The details of some aspects of the devices and methodologies used to implement this approach are described in greater detail below and with respect to the specific, non-limiting embodiments depicted in the figures.
The electromagnetic radiation from the source is shown interacting with a mirror component 107. The ray tracing shows the direction of the initial transmitting signal inverted vertically in the z direction, with width x of the original signal divided over a given length xy 109. Since the width of the original generated signal is now the length of xy, the electromagnetic radiation bisects perpendicularly the diagonal (equal to d or xy) of the static storage media 111 which, in the particular embodiment depicted, comprises two optical disks.
The mirror component is preferably adapted to reflect the electromagnetic radiation at two times the angle of incidence, and to elongate the electromagnetic radiation by some given length xy. The length xy is preferably a minimum of the radius or diagonal of the optical disk or other storage media. In some embodiments, positive and negative vertical values may be created simultaneously with this component.
As previously noted, the electromagnetic radiation strikes and illuminates the optical disks 111 (which contain static data) perpendicularly or near perpendicularly, bisecting the radius/radii or diagonal/diagonals over given special domains measured in two/three dimensions, respectably. This illuminated space of coherent, electromagnetic energy captures data stored on the surface of the optical media and reflects it back according to the angle of incidence. This multidimensional, reflected signal passes through a hologram for the purpose of segmenting the signal. This segmented, multidimensional, coherent electromagnetic energy may be imaged on a detector 121 or sensor as shown in
In the preferred embodiment, a source of electromagnetic radiation, which is preferably a laser, is used to generate the signal that perpendicularly bisects the optical disks or other static data storage media, thereby resulting in multiple data tracks being accessed simultaneously, at the speed of light, and in parallel. This aspect of multidimensional signal generation can be achieved either through holographic means or by way of a properly designed mirror component. This signal source of electromagnetic radiation captures binary data in multiple dimensions from the surface of the medium (media) and returns this pattern by reflection. The reflected MDS can be transmitted through space and/or inverted to accommodate transmission via optical fiber, by microwave transmission, through acoustic transmission, or through other suitable means, and can be captured on a Charged Couple Device (CCD), a CMOS detector array, or by other suitable means.
The signal which bisects the optical disk(s) or other static data storage media can be of a variety of geometrical patterns and can be of variable width, height, length, and intensity. The signal can be pulsed, quasi-pulsed, modulated or continuous, and be generated in any frequency of the electromagnetic spectrum. The return, reflected, multidimensional binary signal will vary with binary data as the media rotates over time. The static medium or media can be horizontal, vertical, or any degree off axis and can rotate at a set, variable or any combination of speeds. The data on the static media can be stored in a linear or multidimensional format. The MDS can be processed or manipulated linearly or multi-dimensionally with the appropriate algorithms. Notably, the MDS can be treated with current, linear means resulting in linear computations.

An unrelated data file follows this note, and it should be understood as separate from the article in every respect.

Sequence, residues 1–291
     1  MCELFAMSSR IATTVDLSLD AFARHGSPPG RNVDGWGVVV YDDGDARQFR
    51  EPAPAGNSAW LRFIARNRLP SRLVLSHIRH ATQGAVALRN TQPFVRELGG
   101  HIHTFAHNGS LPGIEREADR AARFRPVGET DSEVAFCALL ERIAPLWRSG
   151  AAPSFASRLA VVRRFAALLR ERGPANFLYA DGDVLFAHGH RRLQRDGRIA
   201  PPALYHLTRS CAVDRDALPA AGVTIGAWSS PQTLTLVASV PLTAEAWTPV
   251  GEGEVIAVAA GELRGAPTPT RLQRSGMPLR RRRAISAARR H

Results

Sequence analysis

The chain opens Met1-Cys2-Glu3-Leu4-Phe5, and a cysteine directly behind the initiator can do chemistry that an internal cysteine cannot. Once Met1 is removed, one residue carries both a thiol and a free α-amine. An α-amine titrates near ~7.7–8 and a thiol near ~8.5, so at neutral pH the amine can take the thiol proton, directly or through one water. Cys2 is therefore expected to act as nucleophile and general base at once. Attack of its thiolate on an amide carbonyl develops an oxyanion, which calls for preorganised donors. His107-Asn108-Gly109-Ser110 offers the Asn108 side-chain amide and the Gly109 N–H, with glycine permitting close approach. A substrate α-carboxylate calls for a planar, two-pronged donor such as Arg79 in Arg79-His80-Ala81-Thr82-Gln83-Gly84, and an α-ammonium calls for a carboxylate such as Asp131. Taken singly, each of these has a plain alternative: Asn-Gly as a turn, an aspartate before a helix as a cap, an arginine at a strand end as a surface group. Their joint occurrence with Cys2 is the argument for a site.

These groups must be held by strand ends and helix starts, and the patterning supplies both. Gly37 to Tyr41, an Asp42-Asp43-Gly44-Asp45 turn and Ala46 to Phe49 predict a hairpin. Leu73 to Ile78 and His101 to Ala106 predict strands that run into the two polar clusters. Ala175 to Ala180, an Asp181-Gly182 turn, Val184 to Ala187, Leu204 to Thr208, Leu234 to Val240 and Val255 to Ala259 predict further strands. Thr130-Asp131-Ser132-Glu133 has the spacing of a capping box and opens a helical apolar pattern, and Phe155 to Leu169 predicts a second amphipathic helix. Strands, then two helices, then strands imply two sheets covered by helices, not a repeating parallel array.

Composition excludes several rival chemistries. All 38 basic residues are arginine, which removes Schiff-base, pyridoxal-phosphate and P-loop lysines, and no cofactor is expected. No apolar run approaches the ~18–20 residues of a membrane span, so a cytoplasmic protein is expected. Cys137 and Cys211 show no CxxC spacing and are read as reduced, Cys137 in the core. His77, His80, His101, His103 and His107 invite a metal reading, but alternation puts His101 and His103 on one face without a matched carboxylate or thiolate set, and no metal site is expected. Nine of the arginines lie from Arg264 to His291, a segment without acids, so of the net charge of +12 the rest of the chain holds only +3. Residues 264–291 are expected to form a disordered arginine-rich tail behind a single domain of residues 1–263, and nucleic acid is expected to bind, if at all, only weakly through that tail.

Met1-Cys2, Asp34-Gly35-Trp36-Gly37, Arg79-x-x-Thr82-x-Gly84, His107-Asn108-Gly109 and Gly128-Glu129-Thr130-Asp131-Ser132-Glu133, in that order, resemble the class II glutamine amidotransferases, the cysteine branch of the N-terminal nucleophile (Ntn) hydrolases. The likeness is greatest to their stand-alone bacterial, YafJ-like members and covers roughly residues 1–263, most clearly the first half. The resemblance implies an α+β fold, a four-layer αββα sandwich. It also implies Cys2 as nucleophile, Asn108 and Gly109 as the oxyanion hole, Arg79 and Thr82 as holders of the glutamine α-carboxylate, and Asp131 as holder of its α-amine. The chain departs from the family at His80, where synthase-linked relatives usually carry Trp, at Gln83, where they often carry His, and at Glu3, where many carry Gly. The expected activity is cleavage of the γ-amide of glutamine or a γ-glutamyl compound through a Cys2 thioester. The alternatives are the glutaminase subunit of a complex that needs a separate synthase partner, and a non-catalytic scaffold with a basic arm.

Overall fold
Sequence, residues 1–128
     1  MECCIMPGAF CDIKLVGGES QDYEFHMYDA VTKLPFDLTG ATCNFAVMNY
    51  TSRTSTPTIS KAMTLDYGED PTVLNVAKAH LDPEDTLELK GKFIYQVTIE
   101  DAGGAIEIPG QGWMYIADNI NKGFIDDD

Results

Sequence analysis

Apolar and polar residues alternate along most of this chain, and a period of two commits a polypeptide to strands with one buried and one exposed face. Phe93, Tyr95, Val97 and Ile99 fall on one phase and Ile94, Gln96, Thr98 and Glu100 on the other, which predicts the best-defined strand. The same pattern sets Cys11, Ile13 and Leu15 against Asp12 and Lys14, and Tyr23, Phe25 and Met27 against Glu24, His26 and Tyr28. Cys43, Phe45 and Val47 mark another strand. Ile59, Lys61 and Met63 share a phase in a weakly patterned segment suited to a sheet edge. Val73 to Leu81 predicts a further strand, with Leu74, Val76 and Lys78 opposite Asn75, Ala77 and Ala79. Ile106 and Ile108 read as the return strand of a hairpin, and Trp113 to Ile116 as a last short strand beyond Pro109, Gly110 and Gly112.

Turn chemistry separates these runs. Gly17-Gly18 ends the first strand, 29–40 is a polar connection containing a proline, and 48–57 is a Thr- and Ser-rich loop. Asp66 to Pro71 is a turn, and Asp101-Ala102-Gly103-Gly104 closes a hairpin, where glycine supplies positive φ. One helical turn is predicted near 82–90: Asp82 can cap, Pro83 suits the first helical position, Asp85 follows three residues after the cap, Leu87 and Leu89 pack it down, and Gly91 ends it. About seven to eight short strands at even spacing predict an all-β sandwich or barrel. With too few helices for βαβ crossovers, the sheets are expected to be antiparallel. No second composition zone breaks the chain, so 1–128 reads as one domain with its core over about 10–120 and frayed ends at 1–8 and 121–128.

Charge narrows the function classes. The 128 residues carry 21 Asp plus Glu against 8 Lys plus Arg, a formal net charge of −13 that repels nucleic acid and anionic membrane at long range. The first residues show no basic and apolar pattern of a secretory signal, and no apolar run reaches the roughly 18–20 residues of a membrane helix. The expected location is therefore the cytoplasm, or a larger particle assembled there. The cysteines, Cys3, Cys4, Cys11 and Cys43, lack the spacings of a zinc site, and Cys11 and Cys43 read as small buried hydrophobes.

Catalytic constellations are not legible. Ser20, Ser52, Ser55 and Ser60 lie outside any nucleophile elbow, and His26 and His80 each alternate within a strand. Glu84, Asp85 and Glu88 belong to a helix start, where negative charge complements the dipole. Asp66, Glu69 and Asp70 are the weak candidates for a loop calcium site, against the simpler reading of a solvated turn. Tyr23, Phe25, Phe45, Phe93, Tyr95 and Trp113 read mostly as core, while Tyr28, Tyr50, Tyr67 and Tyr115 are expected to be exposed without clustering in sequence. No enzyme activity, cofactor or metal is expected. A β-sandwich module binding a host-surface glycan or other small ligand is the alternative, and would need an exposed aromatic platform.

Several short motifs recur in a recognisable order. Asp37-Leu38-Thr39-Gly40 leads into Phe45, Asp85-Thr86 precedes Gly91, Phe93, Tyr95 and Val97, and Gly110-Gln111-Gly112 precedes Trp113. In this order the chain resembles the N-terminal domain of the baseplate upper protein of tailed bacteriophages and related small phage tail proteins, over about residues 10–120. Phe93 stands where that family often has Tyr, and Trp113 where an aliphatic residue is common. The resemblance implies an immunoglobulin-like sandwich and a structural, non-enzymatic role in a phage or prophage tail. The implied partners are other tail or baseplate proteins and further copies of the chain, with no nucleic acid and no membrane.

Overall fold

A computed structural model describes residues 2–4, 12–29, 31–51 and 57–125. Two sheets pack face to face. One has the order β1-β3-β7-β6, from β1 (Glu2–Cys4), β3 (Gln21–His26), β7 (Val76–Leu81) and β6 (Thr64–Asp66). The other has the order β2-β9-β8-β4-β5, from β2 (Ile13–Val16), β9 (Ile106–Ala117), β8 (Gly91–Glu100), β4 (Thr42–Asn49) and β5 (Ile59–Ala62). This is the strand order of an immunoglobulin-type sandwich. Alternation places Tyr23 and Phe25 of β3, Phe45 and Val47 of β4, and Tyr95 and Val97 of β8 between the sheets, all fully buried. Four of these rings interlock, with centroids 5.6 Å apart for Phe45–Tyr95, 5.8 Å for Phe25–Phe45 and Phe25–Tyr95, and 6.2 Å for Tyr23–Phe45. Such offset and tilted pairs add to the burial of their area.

B. Novel Disk Drive Design
The holographic lens element is preferably a sinusoidal line generating and/or binary phase beam splitting, diffraction grating holographic lens element. Such lens elements are available commercially from a variety of merchants. The hologram generated by these devices is a predefined image that has specific dimensions given as coordinates (x,y) which can be measured and quantified.
The disk drives disclosed herein may have one of at least two possible designs. In the first design, the line pattern or “beam” passes along an optical path including a one-way mirror before reaching the optical medium or media. Then, the holographic pattern is generated after reflecting off of the surface of the optical medium or media.
In some embodiments, a first set of focusing optics is provided to shape and size the line pattern as required by the geometry of the optical medium or media or detector. After incidence on the optical medium or media, the beam reflects and travels back the same path, or off axis a degree or so, towards a one-way mirror and passes through a holographic optical element, which segments the single line into multiple lines. The one-way mirror redirects the returning reflected signal that comes from the optical medium to a detector. A second set of focusing optics along with a redirecting mirror serve the function of spreading the beam over the sensor space of the detector as required by the sensor geometry and in such a way that the reflections of the data tracks from the data storage media are impinged upon the detector. The detector may be a CMOS or CCD detector array or the like and is preferably capable of random pixel selection with on board A-D conversion and onboard clocking.
2. Holographic Line Generating Element
The holographic line-generating element 207 is an important component of many of the disk drives and other data storage and retrieval systems disclosed herein. Line generating devices that are currently commercially available generate up to 99 lines. These translucent lenses, for the purpose of discussion relative to this subject matter, create either 1-D linear incident patterns, or a 2-D plane of equidistant incident holographic pattern, which can then be focused down to a focal plane. If the incident beam is elliptical (as with diode lasers), elliptical patterns will emerge.